Many national Constitutions throughout the world specifically address housing issues, and some contain explicit references to the right to adequate housing. Others suggest more the general responsibility of the State to ensure adequate housing and living conditions to the population at large. Approximately 40 percent of the world's
Constitutions refer to housing or housing rights. There are, of course, no guarantees -legal or otherwise- that the mere inclusion of housing rights within a Constitution will inevitably lead to this right being implemented.
However, the establishment within Constitutions of both individual and family rights to adequate housing and the corresponding series of State obligations to create the legal, social and economic conditions necessary for the satisfaction by all of this right, represent important legal foundations for further actions towards ensuring this right.
The general manner by which most Constitutional provisions are worded, implies the necessity of adopting implementing legislation, designed to specify the bundle of entitlements for individuals and families, as well as the legal duties of the national, regional and municipal authorities. In many countries, if not most, it remains difficult at best to base legal complaints on housing rights before a court of law exclusively upon Constitutional provisions.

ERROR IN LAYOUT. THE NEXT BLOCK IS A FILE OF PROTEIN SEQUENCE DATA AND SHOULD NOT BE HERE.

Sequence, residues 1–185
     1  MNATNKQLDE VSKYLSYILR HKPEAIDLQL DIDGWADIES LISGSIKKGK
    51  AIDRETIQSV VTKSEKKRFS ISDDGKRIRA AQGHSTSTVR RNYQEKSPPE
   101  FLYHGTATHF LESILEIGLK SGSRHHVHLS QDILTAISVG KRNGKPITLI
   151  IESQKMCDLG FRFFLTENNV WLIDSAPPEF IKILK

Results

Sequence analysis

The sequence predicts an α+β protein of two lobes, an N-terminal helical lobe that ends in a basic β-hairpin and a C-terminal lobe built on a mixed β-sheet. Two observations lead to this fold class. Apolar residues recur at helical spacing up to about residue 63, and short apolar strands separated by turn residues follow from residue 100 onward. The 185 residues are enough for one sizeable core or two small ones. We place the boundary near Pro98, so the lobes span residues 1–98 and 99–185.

Moreover, many courts remain reluctant to entertain complaints dealing essentially with economic, social and cultural rights, let alone housing rights as such. Indeed, where such test-cases have been submitted by homeless or inadequately housed persons and groups, these have often resulted in failure.
Housing rights appear in the Bangladesh Constitutions-
People's Republic of Bangladesh (1972), Article 15
It shall be a fundamental responsibility of the State to attain, through planned economic growth, a constant increase of productive forces and a steady improvement in the material and cultural standard of living of the people, with a view to securing its citizens:
a) The provision of the basic necessities of life, including food, clothing, shelter, education and medical care.
The inclusion of housing rights within national Constitutions alone will generally do little to alter existing economic, political and social processes currently impeding access for everyone to a place to live in peace and dignity. However, when legislatures have agreed to include housing rights clauses in the highest laws of the land, this signifies at the very least, a political commitment that everyone possesses not just a need for housing, but is entitled to it as a matter of rights.
-Compiled by Law Desk.